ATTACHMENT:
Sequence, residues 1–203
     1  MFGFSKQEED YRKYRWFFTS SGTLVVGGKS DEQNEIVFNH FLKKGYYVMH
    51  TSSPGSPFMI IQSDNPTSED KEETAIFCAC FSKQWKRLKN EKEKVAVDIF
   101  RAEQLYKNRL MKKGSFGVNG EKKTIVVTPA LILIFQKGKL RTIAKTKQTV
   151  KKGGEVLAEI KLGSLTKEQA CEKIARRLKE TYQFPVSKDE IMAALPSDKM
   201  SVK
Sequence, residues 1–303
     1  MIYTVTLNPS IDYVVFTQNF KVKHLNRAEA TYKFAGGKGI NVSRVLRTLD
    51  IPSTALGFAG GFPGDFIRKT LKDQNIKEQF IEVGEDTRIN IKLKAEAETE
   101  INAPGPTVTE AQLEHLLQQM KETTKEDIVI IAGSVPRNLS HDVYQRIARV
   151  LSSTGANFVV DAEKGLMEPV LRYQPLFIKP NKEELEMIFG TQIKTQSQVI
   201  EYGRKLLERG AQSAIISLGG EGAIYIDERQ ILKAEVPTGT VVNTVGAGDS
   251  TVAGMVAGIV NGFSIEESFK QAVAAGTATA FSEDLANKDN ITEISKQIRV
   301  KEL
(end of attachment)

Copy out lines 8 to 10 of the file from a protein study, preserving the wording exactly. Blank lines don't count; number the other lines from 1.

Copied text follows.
     1  MIYTVTLNPS IDYVVFTQNF KVKHLNRAEA TYKFAGGKGI NVSRVLRTLD
    51  IPSTALGFAG GFPGDFIRKT LKDQNIKEQF IEVGEDTRIN IKLKAEAETE
   101  INAPGPTVTE AQLEHLLQQM KETTKEDIVI IAGSVPRNLS HDVYQRIARV